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LARGEST SWORN CIRCULATION IN NORTHERN INDIANA.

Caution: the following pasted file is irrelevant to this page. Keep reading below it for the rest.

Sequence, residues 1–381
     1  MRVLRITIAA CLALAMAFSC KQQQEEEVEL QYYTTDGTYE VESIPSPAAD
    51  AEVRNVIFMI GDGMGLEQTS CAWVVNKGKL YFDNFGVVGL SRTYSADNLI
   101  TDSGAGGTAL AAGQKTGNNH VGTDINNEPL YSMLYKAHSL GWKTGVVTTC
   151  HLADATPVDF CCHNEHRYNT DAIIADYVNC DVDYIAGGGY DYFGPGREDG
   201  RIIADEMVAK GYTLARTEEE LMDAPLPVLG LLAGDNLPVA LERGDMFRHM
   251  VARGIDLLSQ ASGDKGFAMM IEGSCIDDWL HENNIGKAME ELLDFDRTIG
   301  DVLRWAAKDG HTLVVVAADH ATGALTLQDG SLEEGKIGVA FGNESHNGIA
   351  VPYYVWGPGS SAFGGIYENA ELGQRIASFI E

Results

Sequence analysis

a FTERilOf TIIH WKATIirj!. IXl'IAN i: i t'. i . t: tin ' . -.1- Edition iAiWKl! MU'UIHAV-Ru-rvhiing e l-avid me.s.-, i-.d-Lvvd by .:v.v to, ic.a t poition and i j-'-ni'in ;i;ght yr Staf-. READ THE 'WANTS' VOL. XXXII., NO. 43. SOUTH BEND, INDIANA, FRIDAY, FEBRUARY 12, 1015. PRI03 TWO CENTS ID NEWS-TIM MOTES TO FORM BASIS OF ROLFS 1 WARFARE Expect United States' Repre sentations to Great Britain and Germany to Result in Diplomatic negotiations. CHALLENGES AUTHORITY OF "PAPER BLOCKADE" Declaration o? "War Zone" on Water Is Held Without Pre cedent ar.d American Lives and Ships Must Be Inviolate. Tho full text of mo Failed States notes to Great Britain ami Germany will be found on page nine of this issue. WASHINGTON, Feb. 1:'. That the notes sent by tho United States to Germany and Kngland in an ofu t serving notice that the-. American Mag and American rights must 1m- rispeet td, will open long diplomatic nego tiations which will establish the basis fur international rules on the use of neutral Hags and .submarine warfare on merchant vessels was the belief in administration circles today. It was pointed out by officials, that the government thought it best to speak plainly in these notes at this time rather than wait until the public might be aroused bv some loss of American life or property. Washing ton believes the notes will produce an excellent effect in both the Fnited States and other neutral nations. Something of a sensation was caused among the diplomats in Wash ington when they read the text of the note. The drastic character, espe cially of the German note, had not been anticipated anil diplomats indi cated that it virtually commits the I'nited .States to a course of action which may lead to trouble with Ger many unless the latter reverses its an nounced polity of using submarines .n merchantmen carrying supplies to Great Britain. Opixw "Paper Blockade."' It Is pointed tut that the note places this nation in entire antag onism to the so-called "paper block ade," of England by Germany. Amer ican snipping must be protected at any cost, savs the state department note, and this govcrnnij5t will not tolerate een the suggestion that steamships .f this country may be blown tip accidentally by occasional e lerman submarines. In adopting this course, it was stated, the American government was acting under recognized principles of international law. as neutrals had a right to expect the ships of the bel ligerents to recognize the practice of taking passengers and crews to a place of safety before destroying a vessel as a prize of war. The fame was said to be true of the issue invoiced between tile United States and Rngland. .i N m :ss T form The reply of Gnat Britain is not expected to raise an isue between the two governments, because it is gc n rally regarded as inconceivable that Great Britain should seek to maintain the right of her vessels to use th flag of the I'nited States de spite the I'nited States protest. And if Great Britain concedes that the deceptive use of the American flag i wrong, she mut in the opinion of tdato department officials express her regret that justifiable au-- of com plaint has hi en given and pledge her self to do all that she an to aoid such cause of oticnse ar.d danger in the future. Await Gorman Ropl. Hut it is admitted that the r. ply which Germany will make to this -:ov- tinmenl's representations will be awaited with some concern. If Germany shall refuse to iteide from her position that neutral vessels in entiling the set war zone which she has deviated to do so at V oir own iisk. it i- admitted that, a Very seii ous situation will be presented,. In that ease the United States would be confronted with the alternative cither f warning its merchant ves sels to k i-ji nil' of the declared war zone to run the risk of a disaster which would inflame public sentiment in this country. It is evident fr.Mn the American r.oto that the gov.rnment dots not in tend to warn its vessels to keep out of the war ;:o:ie no matter what Ger many's attitude may lc, "Put w ill in sist upon th ir right to traverse the declared zone without danger of at tack. Cp to I'nited state-. If attack should be I hroator.eM through the position w ha h Germany will take, then the question would an-o as to what steps tie United Statts should take to insure the safe voyage of it- merchant Ves- N. The expert opinion i-5 that in such circumstances the I'nited States would be for ed to furnish a naval convoy for all I'nited States mtn h.tt;t seis which muht enter the declared sea war zone. The taking of American war ves sels into the war zone undoubtedly would he a urave step, but in no uth. r '.'.ay c.i'.iid the safe passage of Ameri can merchant vessels be assured. The neutrality situation appears t. have undergone a complete- change. Hereto!., re the situation has been th..! partisans of l . th Germany and Great Gtitaiit have p.en complaining tha" the UmU-d States was not maiutainiiu a strut :. ut ral it y. Now the United States is- o!!ieiali reporting to Great Britain and Ger many that their practices ami declara Rons are interfering with tlse rout!..' :ti.-hts of the t'nite.J Stat.s in such manner as it ay .-hak- the strict ne.. tra'.ity v. hbh th United St.tes is an jtis to ruainbrn. Members of the foreign affairs WELTY. IN IMPASSIONED PLEA. DENIES GUILT, BUT GOES TO PRISON I'ooiier Really Axcnt'.s Ira.vor for Clemency rail to Mow? Court to SiimmI Sentence. 1'rank "Welty. found guilty of assault and battery upon Ruby Kedinbo with intent to commit a felony, was ,on ten.ed Friday morning by Special Judge Vitus Jones, to servo from two to l l years in the state prison at Mich igan b'ity. Counsel for the defense moved a suspended sentence but the pn -eci'tor would not consider that. lb fore sentence was pronounced, W. ly made an Impassioned plea for judicial clemency. Mrs. Welty. a ". om.-'h w ell dresse, and of striking app - aiance. was in the court room and she pt quietly during the procedure. Fntil the last moment she had hold hop.- that her husband's sentence could be sit-q.ondod. The defendant will he taken to Michigan City within a day or two. In his plea to the court Welty main tained that the charges brought ::-rainst him were lies. He said that they had been brought about through the jealousy of his wife because he had given presents to the girl, wh had been the complaining witness against him and also through the spite of the girl's mother who had become angry because hr had ceased his "charity" to the dauglnrr. He spoke for Pvo minutes. The court held that h' explanations were no legal cause w by sentence should not be pro ma i need. Welty. tT ears old. was formerly a real estate agent and it was in the summer of 1 ! U' when he became ac quainted with Uuby Kedinbo. WILL SPEAK HERE ; Rabbi Wise Will Also Address Northern Indiana Teachers Association. A var correspondent who was con demned to die and saved only through tile in! vr cut ion of lirand Wl.itlock, American ambassador to Celgium, was announced Friday to be one of the principal speakers at the meeting of the Northern Indiana Teachers' association in South Bend in Anril. ! The correspondent N K. W. Williams. who. captured by the Germans, was held and tried as a py. lie was pro nounced guilty and condemned to be shot. At this juncture Whitlock learned of the case and by dint of hard work managed to get "Williams free. Williams will Heak at the even ing session of April L Jn a letter to Supt. of Schools I J. Montgomery, Supt. W. Denny of An derson, chairman of the executive committee, other speakers w ei e an nounced, on Thursday evening and Friday morning. April 1 and 2, Kabbi Wise of New Vork will speak. Fri day afternoon Dr. E. A. Steiner will le the feature with an address on "Construeth e Neutrality." Dr. Stein er is a noted author and lecturer and at present professor of applied Chris tianity at Grinnell college In Iowa. Saturday morning Dr. C. P. Emer son dean of the Indiana university school of medicine will be the speak er. Following him Dr. M. Ik Ilillegas of the school of medicine will speak. Dr. Hillegas will speak also Friday morning to two sections, ilrst the kindergarten and primary sections and then the reading section. The high school section will he ad dressed Friday morning by High School Inspector J. P. Pearcy of Indianapolis. lie "Standardization Schools." will speak on of Our High KLIEST ALIENATION SUIT ENDED IN JURY DISMISSAL Federal .Indue Hand Holds That Pub lication or (.ang-stcr Attack Would Have I ndue UtToct on Jury. Ni:V YmUK; Feb. U. Federal Judge Hand discharged the Jury in the case of Max F. Kliest. who su.l his father-in-law, lahvin Hreitung. for $ L'.'.o.oon for alienations of his wife's affections. The judge ruled that the published statement regard ing the attack on Kliest ly gangsters would have undue inilutacc- on the j ury. Mrs. Kliest left tin rom on her father's arm. her mother accompany ing them. Mr. Breitung said: "I feel even more strongly than the .vadge does ahout this matter. I think he did the best Hung that could have heen done under the circumstances in ih'i hiring a mistrial." "Wouldn't you have born better pleased to have had the case go on that you might be indieatt d V" some aie asked him. "I am satisfied as it i." was his reply. WIDOW OF LATE JUDGE DEAD ATTERRE HAUTE TUKKK HAUTE. I ml.. IV h. i;. Mrs. Sarah G. White. ; ears obi. widow of the late Judge A. F. White f Kockville. is dead at the home of her daughter here. Mrs. White was past department commander of the Woman's K lief Gorps. and was prom inent in the national organization of '.he W. K. ('. READS PAPER AND THEN GOES AFTER INHERITANCE HAKTT'U:i CITY. Ind.. Fob. 1 Harry Grov s. an engineer earning a day. has gone to St. E,uis o claim an t state worth ' '.. He Varr.ed he was heir to this fortune 'hrough. a news item published in a -'t. bonis newspaper. mmlttecs of the house and senate h 'i -d ay night were much interested b-arnmg the t-t of the notes to ;rat Fiitain and Germany, but were diikdent about expressing thci; opinions. M COfffiPOiENi FRENCH HOUSE OF DEPUTIES FDRBIDS SALE OF ABSINTHE Adopt New Law Prohibiting Sale of National Drink Germans Are Bombarding Tracy Le Mont. PARIS. IVb. 12. The cham ber of deputies today adopted a new law forbidding the sale of absinthe in France. PAIUS, IVb. Ilk The Germans are again bombarding Tracy-Le-Mont, says an ottkial communication Issued by the war otlice this afternoon. South of La Boisselle the Germans ex ploded a mine at the end of one of the Fren h trenches, but the latter maintained their position. Artillery duels are reported along the rest of the front with the French artillery and especially active in the sections of llheims and Soissons. The otticial communique follows: "Between the sea and the river Somme there were artillery contlieta yesterday. "To the south of La Boisselle the enemy exploded a mine at the end of one of our trenches, hut we neverthe less maintained our position. "From the Somme to the Argonne, there is nothing to report except the bombardment of Tracy-Le-M out by the enemy and the activity of our ow n artillery in the sectors of llheims and Soisson. "In the Woevre there was a rather vigorous cannonade on the part of the Germans before Rambucourt and i lie woods of La Hazelle. "We bombarded the railroad depots at Thiaueourt and Arnaville." Defend Suez Canal. A supplementary oflicial report is sued by Uie war otlice had to do with the campaign in Kgypt. It follows: "In the course of the attack at tempted by the Turkish army on Feb. i) against the Suez two French war ships contributed with success to the deft use of the waterway. The mon itor Iloouin silenced the heavy guns of the Turks and the cruiser L'ntre casteaux dispersed large detachment ofi the enemy. Xo Ioss s were sus tained on either warship." After four days of desperate fight ing the Argonne battle reached its climax when the Germans charged down on the French fortifications at Marie Theresa in Folid columns, four abreast, across a front more than noo yards wide. The guns of the fort poured a deadly shell fire into the solid ranks as soon as they were well within range. The line of columns wavered under the withering tire, but still they came on. When within easy ritle range the fjuick hrers and mus ketry of the French sent In a shower of bullets that wtts a veritable hurri cane of death. SHE FEELS BETTER ON 20TH DAY OF HER FAST CHICAGO, Feb. 12. Mrs. Maybelle MeArthur. who is trying to reduce her weight and clear her complexion, began the HUth day of her fast with a L'O-mlle walk to ,the otlice of her husband, A. P MeArthur. "I have had nothing but water and an occasional bit of celery or lemon," said Mrs. MeArthur today. "1 feel better and my complexion is so much Improved. 1 will be about -0 years younger when I get through this fast, which will be on Feb. L'T. Already I have reduced from low pounds to l.io. The only hard part has been to fast while cooking for my husband." WAR CAUSE OF DEATH IN KOKOMO FACTORY? KOKOMO, Ind., Feb. 1L The po lice today tire seeking a solution of the mystery surrounding the death of Fre.uk Winglewitch, 22 years old, a German, who was found dead in the riant of the Kokomo teel and Wire Co., with a. small wound in his fore.iead. Winglewitch had quar reled frequently with other men in the plant over the European war. GRAND TRUNK WARNS OF PLOT TO WRECK PROPERTY PORTLAND. Me., Feb. lib The Grand Trunk railroad from its head quarters in Montreal, has sent an otli cial warning to all its agents in the United States and Canada of a plot to destroy property o-tvaer by the rail way. This warning is to the effect that the plot was hatched in California and that the plotters are now speeuing across the continent towards the tast. Following this notification steps have been taken to guard the railroad properly here, according to dis palches here today. DIES OF STARVATION ON EVE OF FATHER' PAY DAY AURORA. Hb. Feb. 12. Just on the eve of his father's first pay day in months Louis Tramlemon. 1". months old, died in a hosptal hero of pmu-! moi.ia and starvation. The child's' mother and brother to, lay were re ported in a serious condition from lack of food. COMMISSION TO RULE CITY, WOMEN DECIDE LINCOLN. 111.. Feb. 12. Lincoln I will le ruled by commission, thanks to the votes of women. The men vo rs gave a majority of 12, against the change, but the women o rcame for the this by a m asure. majority of 14 WILL HOLD REVIVALS. A three weeks revival service will liA.'in Mt the Trinity- Methoilivf hnrr-h I Sunday night. Pastor M. C. Hunt to I he in charge. He will be assisted by G. Clarke Bead of Akron. Ind., who will direct the niUMC. Mr. Read is of the Moody Bible institute. Latest Bulletins From War Zone LONDON. Feb. 12. A Rotter, dam dispatch to the Mail says that o3 German soldiers were killed when aviators of the allies dropped bombs on Antwerp. BERLIN (Via Amsterdam). Feb. 12. Emperor William left again today for the eastern the ater of war. AMSTERDAM. Feb. 12. Large bodies of German troops are be ing taken from the West Flan ders war zone for service in the eastern theater of war. Railway ti attic has been suspended for several days. From Feb. 1 to Feb. ; largo forces were trans ferred from the western theater of war to East Prussia. AMSTERDAM, Feb. 12. Lieut, lien. li. von Schultz Zu Holz Hausen. commander of the 2f,th Landwehr brigade, died In Brus sels, according to a dispatch from that city today. AMSTERDAM. Feb. 12. A Sluis dispatch says a heavy gun iiring is again being heard along the Belgian coast. It is believed that guns from the English war ships are again bombarding towns held Ly the Germans. BERLIN (Via Amsterdam), Feb. 12. Eight million bread tickets entitling the holder to a week's supply of two kilogrammes of bread, will be issued here on Feb. 22. The distribution of broad in other towns in the empire is also being regulated. LONDON, Feb. lu.The foreign oiflce today maintained a silent attitude on the American note to Great Britain concerning the sinking of American ships and tho use of the American tlag. Sir Udward Grey, the foreign minis ter, will call the cabinet into ses sion as soon as the full text of the note is received. Until the cabinet has taken up the matter no otlicial announcement or reply is expected to be made. ' O N ST A NT I N O PLE (Via Ber lin), Feb. 12. The sultan has addressed a proclamation to Kgypt explaining that ho only is waiting a favorable moment to end the British tyranny in Egypt. The sultan expressed his confi dence that his army will succeed in delivering Kgypt from the for eign yoke. BERLIN. Feb. 12. Fighting in Poland between the Russian and German troops continues with un abated violence, according to un ofticial advices received today. The advices state that the Ger mans have made some progress toward Warsaw and have brought up a considerable number of long range gtins to attack the fortifica tions about that town. Good Roads Models to Feature day Followed by Dinner to County Agriculturists. Preparations were under way Fri day for the entertainment of St. Jo seph county farmers Saturday at the manufacturers' exhibit in the high school. Saturday will be primarily Farmers day and to that end no pains are being spared to give them a day of pleasure and instruction. The feature of the day will be the exhibition of the good roads model by State Geologist Edward Barrett. Barrett arrived Friday morning with his two tons of models which be be gan immediately installing in the halls adjoining the gymnasium. Tliev will he in place by night and ready lor the farmers Saturday. Accom panying Rarrett is Luke W. Duffy, Indiana's good road expert. Duffy will be on hand to lecture and explain all that the farmer and other good loads enthusaists want to know about th subject. In addition to the mod els, all kinds of road material will be exhibited along with that which can be found in St. Joseph county. Duffy will ive his first lecture Saturday morning at 1 eviock. At 11 o'clock will be started the task of feeding tiie farmers in the high school lurc h roam. Every farm er in the county has been invited to he the truest of the Chamber of Com merce Saturday at dinner time. As many its come will be fed. it is ex pected that over 1.000 farmers will oe provided for during the noon hour or i.s long as they come. SAYS GERMANY MAY YIELD AS A "FAVOR." i;eieh.tag .MoiuImt Denies Xeutral Right to protect Paper Blockade. AMSTERDAM. Feb. 12. The Ber lin Dertag prints an interview with Heir Eizberger. an intluential mem ber ot the Reichstag, in which the statesman discussed the German blockade declaration and its effects on neutral countries. "Neutrals have no light to make claim.'," says Herr Erzberger, "but Germany may allow them something as a favor. The blockade does not mean that Germany will Ignore the wishes of the neutrals as far as they do not endanger the German war plan. But neutrals cannot obtain anything by threats or protests but only by the free will of the German gov eminent." Declaring that the time will come when a new method of warfare and a new law for the sea will arise, the Kreuz Zeitung says that first of all England's domination of the sea must be destroyed. Until then, the paper says. international law does not amount to "the paper ii a written on." "FARMERS' DM" AT EXHIBIT TOiRM lUIS ADMI1 DRIVEN OUT OF PRUSSIA Reinforcements Enable Ger mans to Rid Province of In vaders Who Say Withdrawal Is for Strategic Reasons. PREPARE MOVEMENT TO DECIDE STRUGGLE Czar's Army Engages in Con centration in Preparation of Nev Drive Against Kaiser's Men Attacks in Poland Fail PETBOGRAD. Feb. 12. Heavy ro. inforcements which the Germans are receiving have practically driven the Russians out of East Prussia, it was admitted in an otlicial statement issued by the general headquarters today. The statement however, says that the Russians are falling back dimply to rearrange their forces and effect a greater concentration, which arrange ment can best be made on Russian territory. Dealing with the general situation the statement says that small en counters have taken place on the right bank of the Vistula, cannonades on the left bank of that river, and in the Carpathians all attacks by the Austro German forces have been repulsed. The otlicial statement follows: "It was recently definitely ascertain ed that a new army corps had appear ed in East Prussia, formed partly from Prussian troops from the western front, partly from new recruits and partly from reserve forces. This rad ically changes the situation and necessitates the falling back of our troops in order to assure the possibil ity of rearranging them and effecting a greater concentration. "Such an object can best bo at tained on our ow n territory and in the shadow of our own fortresses. It must he presumed that we are on the eve of a great long operation which ought dellnitely to decide the struggle in Eastern Prussia. . Will Shorten Report. "This circumstance will render necessary some bievity In our com munications regarding future fighting, taking into account th strict neces sity for keeping ot r operations secre t. "On the right bank of the Vistula small encounters have taken place in the direction of Mysehentez. toward Ostrolenka, and in the region of Se peov on the Fkrvva river. "On the left bank of the Vistula there have been only cannonades. "In the Carpathians the enemy has made attacks to the west of Moxo Laborcz. in the direction of Iablonow, to the east of the Uzsk pass. We re pulsed all these attacks and also a German offensive on the heights of Koziouvka. "After J2 ineffectual attempts the Germans succeeded in occupying with large forces, and after a sanguinary attack, the heights of Koziouvka, but they were dislodged after a fierce bay onet light and they left 100 dead on the field. "We seized the heights near Rabb, to the east of the Lupkow Pass, after a violent fight and captured as many as MOO prisoners. "The garrison at Przemysl is ex hausting itself with vain sorties. It keeps up an irregular fir- upon our in ves tig troops. "lit the Black sea the Russians sank a Turkish transport. lade with 50.0no ponds of provisions." CIIF.CK ATTACKS IX POLAND. PARIS. Feb. 12. German attacks in Poland appear to be completely checked and the kaiser's forces have lost 10.000 men in killed alone, accord ig to an otlicial statement dealing with the war in the eastern theater issued by the war otlice this afternoon. The statement says: "The Gorman attacks ir. Folaml ap pear to have heen completely checked by the Russians. The losses inihcted by the czar's troops surpass the worst camaee since the war began. The number of Germans killed nbniber 40.or.o. "The reasons for the failure of the German attacks ar-- the severe cold, it be'ng seven or eight degrees below zero and the inability of the Germans to Httack except in close formation. "An eye. witness of the battle snys the Russian mitrailleuses mowed dow n the ranks of the enemy like n scythe. .Mountains of dead were heaped be fore the trenches. "Tho screams and sroans of the wounded were terrifyig. At night un der the light of our searchlights we eoubl see the wounded heave up In a soli! mass trying to extricate thcrn prBes from the heap. After t'.vo hours all become quiet. They, too, had died." li i: ox iiorsi: fli;il PHTROGRAP. Feb. 12. The Aus trian garrison at Przemysl. the Gal iciyn fortress wliich is lodng besiged by th Russians, are subsisting on horse tlre.-h. according to deserters from the Austrian army who have en tered the Russian lines. Tho garrison in the town numbers 23.00a men and the commander says he will not stir rer der. The horse Uesh is pro-one 1 and prepared within the fortress. The Austrian commander declared that if the supply of food becomes exhausted he will compel his soldicis to eat their own boots. SHIP STRIKES ROCK ON ENTERING PORT, 34 DEAD MAORI r. Feb. 12. One ofhVer and 'Ml soldiers were drov. n d today w hen the steamer Lazaro enterinir nort. 1st ruck, on n ro.k. The soldiers were turning home, their tirue having expired. MAYOR ROBERTS REFUSES ! BOARD'S RESIGNATIONS! .Members of Safety Board at Tern j Haute Bitter Over Attack bv Incentive Says Clerk Is Leak. TERRE HAUTE. Ind.. Feb. 12. ; Mayor Roberts today refused to ac cept the resignations of the members of the board of safety tendered yes- terday thereby adding another snarl L"Jh.t I""'0., The board members had a new cause! for anger today when they learned that the mayor hail gone over their! j heads and countermanded a board ; i order to the police department. The J the bitter thing he is alleged to have w hich i recipiUiKd thevhoietsale rr"J- lg nations. Mayor Roberts today demanded the resignation of the clerk of the bard whom he denounced as being "the leak" in the city hall. This outburst I was caused by two afternoon paprs: getting the history of the board's res ignatlon yesterday and publishing it. REPUBLICAN CHAIRMAN 13TH DISTRICT DEAD WARSAW. Ind., Feb. 12. Perry mlth. republican chairman of the l.Ith Indiana district, died suddenly at his home here last night of hear, trouble. His health had not been good since he became ill while serv ing in the I'nited States arm;. in j Cuba during the Spanish-American 1 war. FANNY CROSBY, BUND i t : j Author of 8,000 Gospel Songs,! i -.r-.i n- , ; Nearmg 95th Birthday. ; Passes Away. 1 ' I I'.RIDGUPORT. Conn.. IVb. e DIES Fanny Crosby, the blind hymn writ-' "r au.- or seivu.-. s hedubs of er, author of about S.OOo hymns, died; rati s chaiged for s. rvicc must l here this morning after a long illness, bh-d wit h the laddie serv ice coimi.is She would have been 'Jo years old on si-.n. uc.de r the t'laike fill. Meth Us 'arch 24 of this year. (), ,,, ,,l,,ilM.,, al,(, ,. fui I he deceased, who w as celebrated as a song writer in Europe as w ell nisln d th- commission and no t e as in America, died at 4::'a oV!,.,k auug ;s prmitttd. this morning at her home, 22 Ylis ,s m-ovided that anv t t..n.- -i si., witn net- ianuiy ahuut hei 1 it r death came as the result of the in- iirmities of old age. She had been gradually failing for more than a year, nut up until the last she was possessed of all her faculties and met iot- cii i caimiy aim ciicci i iinv ni; i lit i , " ! mals :m ii Iron; s, ." ,, y.,tim ;t has1? di CT 1,a ;yh"0,i - rT,,y'l--M ;nd s,:;er j 1 1 1 p ri so a m ci 1 1 . has piohably written more sons than , , , ' . . .. ..-,. ;-. u,;i,, i .i Racked l I cmo i a I - . any other individual composer m the ,, . , , . .. , , , . , , . . . ......ii . It s a IKK ! st ood lb.it :i:ein i .! s ot world. It was in ISC 4 that she hean to write hymns. While hundreds of hymns are recognized as coming from her pen because they are sign, d "Fanny Crosby," people do not gen- r.i-.,n,- i.-.,,v..- .a,.. .1 n r i, i notns de plume as well. . . . , , Among her most bib.ved hymns Mtlll tu I' h 1 Tl f ll n hovt .'to .no "vJ .t.. in the Arms of Jesus," "Reca.- tin- ' I'erishing.' "Speed Awav and 1 Not. Pass Me Ry." lioi-ii iii New York. Fanny Crosby was hoi n in Ibiinam -hV. I, 1 , , ii aiV ' ' , ' .-he had been totally blind since s b y was six weeks nid. When she was 1. u us old she eiiieieu a scoooi ioi iue iiuhj in .e York which she attended as a puiul and later became one of its teach ers. In ls.'iS she married one of her for mer pupils, Alexander Van Al-tym He was well educated, having grad uated from the college of S.-hene.--tady and was a musician, a philoso pher and a deep student of human nature. Ho (bed in I'.ooj. H. in-; -led that she keep her literary nanc ..f Ci nnv ( 'rutin- -ito) 1i-it -1 1 . l.,. 1 , , , , . , . . . 1 e . r e.- , . t a ' . e v. a a a oj : : . . i I , j so widely known by that ratio r ilu.i.w(';.v u... ;', , ,.. as Mrs. an Alstyne. ; ,;. mi.crati. c,.:c ;.s . .,i!ed for Monday PAY SILENT TRIBUTE Tn ADDAU AAA I IMOm M I U MDnHnHlVi L-IIVJUULIM Nothiriir savroinr of -1 ' . i .i . on marked tip- opsc-natcc of t lie '-iMh- lay ' tne j-veeat e n : n-' i i a to r. "I Ion- est Abe" Lincoln Friday. Itobe: the mly evidenck" in the business di.-'i. ' of the city that the day was a hoi:. he- vas ihc fac t th a. th banks v. : - c'osed kiuiing tto- ntire day and the pot0l!i''e was ( los;'-d during the nfM- noon. There may have been an tr a flag or to tloating in the breeze . . even this evidence of patriotism was not particularly Pfti fa; de. Iii r uTiiiii in P tret i were ?n ) . nolidav and on Ihursdav a! no ,a there had been a special laraoin ,1.-.. j. j, .v11:.i.k nio..l to 1 ..-hi. -r t'.o program in each of the S'-ho-.,s ! : ( . , by lii ii tip- : ill i ad fail. .1 many small tokens w hether m v : n i , ,., . iv,.' a con- it ut h : a 1 :r.a ..rit ;. " d -dow displays or by bit of on , .-r s:. - , ,,,..,!;, v and Rep. ihana-nan. d. mo- tiou or ?y the quirt and S". ndii'-' vercration in the adr or.. c.a:nl kno -.-that the man v.ho had forged his a from b.ck a or,. is cabin to tli ;i.'. bouse had not been forgotten. LOBBYISTS GET CARDS: LOCAL ATTORNEY MEMBER INDIANAPOLIS. I-'eb. TJ. seven men have obtained b! ; i ; ; ; L U censes under the n-w l.P t ; la .i Among the latest lobbyists to whom car.is have been issued ware; Ross 1". Rockridge, F.rt W.t :.. . ; . ' - v. . . i ;.,.-. ' i . n' e i e pi t. sea ii im 1 1 ie . t ia ' a . t k . ' Indiana; J. Van osdeband .1. AI- len. representing the Fnion Tra tan Co. of Indiana: A. M. Biekel. Klkhart. representing the New York Vr.t:-al Railroail Co.: William A. Mclnernv , South Rend, representing the North- ern Indiana Gas and Lb-ctric .. and, James M. Rarrett. Fe-rt Wayne, re :. resenting the- I'ort Wayne and Not th em Imliana Traction Co. I RIl:.M)S M. ,ni..M) I I .M.K.tln Funeral services for Miss ll.-Sici i Smdel'aker Saturelaj afte-rneion will be for friends as well as n lativ es. Rev. J. L. Gardiner will ort'tciate. Tb.e body may be '. ie-,v ed fro::; pt o't ice!: Saturelay morning until 1 b k m the afternoon. Ruiial will be pii.-ate. JEW NEWS APEF BILL WOULD STOP j ! Sen. Clarke Introduces Meas ure to Force All Press Asso ciations to Sell to Any Pub lication. I VVfllll Fl RFfllHRF Fll IMR i c aw m wktsna a l mm 111 4 OF RATE SCHEDULES Proposition Said to Be Backed by Democrats Who Desire to Start Morning Paper in Indianapolis. FROM Till: N EVYrf-TI M ES INDIANAPOLIS BUREAU INDIANAPOLIS. Feb. 12. A bill j defining the duties of organisation ; handling n.-ws reports and compelling i all puss associations and news sr- ices t eonie under tile jurisdiction of tli.it state public commission wh rodu.ed - Sen. ('l.'iikt of Indianapolis. ,-, ,. ,.,,,..- ,,,!-v pos association suppijing- newspapeis in Indiana must sell news to auv paper that desires to buy It, without disci 1 in i na t i n in the matter i orpoi at ion dk .siinr-; s r o and b -ing litiibb- to obtain M. may obtain paynieiu of .l.tM." a day from the c r 1'oratioj. ;hat refuses to -:jant seiv i'C and the othccis'oi the organisa tion ricking j(. serve any nwv;'aj- the democratic partv m Indiana v. !c d sire to start a no'inmu i.ev spa i'-r 111 Indianapolis ale ba-Mlig tin it. 11. In the senate today Sen. Ii. union a hill .Uai atinmg all l u I e i . : ; ) ois pa ii..o.- tients was n.(S-- il b a Vote ot )" to ' """i'""- 1- introdimd a ' , ,,,, , ,, ,. Jioas 1' to ( o n p a al lnilK ltaili.-s tl '.. ...; .....i, ... 1 the contain is Sen. Il isch oiird a. measiiM to permd corporations to com.- under the llairett lau. Sep. Tliornl on. speaking "ii the !'io.r ! the ''ii.ilr, de. laie.l that " a i .i tain .ntleman . onto ct d with a certain state dipattm. Id" ila- -..I ,b , ,x , n 111I1MI1(,. measui.. -: , r ( (1 i ( uhfii. ;(. n;(.(!i,u to Kill Tl.tcc ISilN. W'av s and means lor Uillin.; : 'u i o pending i-lils in the ho:!.- at- b ii g soagh'i i e 1 1 1 o. i ,i 1 i , b ab I of tl.at body Th" :11s mat U d fu !-!! -tio.e ii- ila .lou.'s priinai; ebct.oii 1 1 . e , ; s a . t : i . 1 1 1 ! l i n a n - mo- - cut r e s t I a 1 1 o i ; l,i A . aiel ti.' l:i;- w 1 d e p i i i 1 i : I i o 1 1 ! : i . a s : ; r e . At a a ; 1 I : s of 2 '. h o : ; e i : : : l ; . : s !:,.-; :.;-:!. no :.nite .b-i-i in ..s 1 e,. n i - a i : i n g i be i g i v .i i ; m p f o p o i . e o ; 1 1 1 1 ' 1 1 ' e . , . ; 1 1 : i:.:;: a ' the I n i. in hot.;. The j op. - t iUi I 1 ' I'll! wa- not i"':V up .n 1 ne .ataa. , fUU.u , ;t :t v ! :i d : - : that pl.,r. WiI'C beltA; l.lld to defeat tip !! ..s- ,y ; i 1 1 i i : . a .bb-.ite pn- tnary .-eia or pt o pin fo; a .t ; r i,-. In' pt op' ;. ; 1 1. .;. '.a I ,ir (.. ). P. ( r dit. Th nou.-.- 'i n . i b. .. t'; e t n. .. -a i.oi- ed to ho b I lie N'e.i ! i i . ; u-tit ' ioflal .a:'. uie a.. i- ".; e a i . . l tip le.iv:::- t ' I : p a s : I a fol a -t '.on and i c n -1 t . ? . n. .' T' !P ' : o ' ! s . also ; ! 1 e j ;h. o r - :. j.-i. . . r t :- a pi t .t P a : 1 1 - h m e i . 1 n... i , i ' U III) i i r r ' :.:-?-..t ao, .,: tb w i : ; ; i I lav . eratio !!""!' b ad I. i'i d to 1 r. tb Ni!Iak mot Pa; .a, t!..- -.!. The Rranaman no as ai t o d - a vor.- ,,f .. J to 2 . 1 3 . -1 ' . ':!.; i' killing T h.- I'i'.l pennant r.tr The i"enk bill. a,'-hsh 1" '! t -. b-putie: f,f tl'e M.ite f . in. f a i --',,,, ..; ri- and ga me w i i - e ! ' 1 h i. oi;s' !'..' a V"te of ... " i - o. 1 " ' ! I '. t .-. " .ie. c,-iii.ti tan id. A oill. help . , ,J to i..- a:, .o.o tr.i:i'n in th. h.u ii.-. v."a s to : . ; r ' i o, . .. - i i r a'. i m a : a n - ' !::- Lin:.-Id .Mv.ts f And- : - a v : j: i ;i r.g ':!. w oid-i taMih pr.o tn tii a w t ..... . , ti,.. : . I . i i. i . i ' i t. . i i o 1 . . t. i r. .n to !..- , m pr ..:.!. rig or s :ppr ssing ..;t br akx .f loot i mo'alii d:.-e.is. r ot:: r ci.t;ui".. '.- i . ti f 1 1 o i - disc im' : ; . i ' .i j mials. The .tt.tb-d an a-: ' . the state . te: ir.arian io u i. i e ! suppress and pi at ; : . p t . . . 1 of inf-. tloos an I e..::;..-a..:s .i.s-'.-.-. s I kpdla tic a'd!" ti.-. ; rosnt.rig ir t:.a i a ppo.nti.i, :.t tv '. t'-riti a ;a;;s. t tc. Tb.e '.id. :.t t s- 1 1 v ; - i ' ! a '. . d . v. a1- m d ! b. v r at o a 1 1 ! a k . f j t he t .t a-.d n.o-:th v.. throU'i- i out Indiana w o n coali .-nthct ;tr.- i be t w et :: va : d,.t. a -o !p th: , as r- I w he h bo :.-i . in supntne c.nttl 1 of the di-e.u int.n j Kani-ut:va. DSCnMlTDN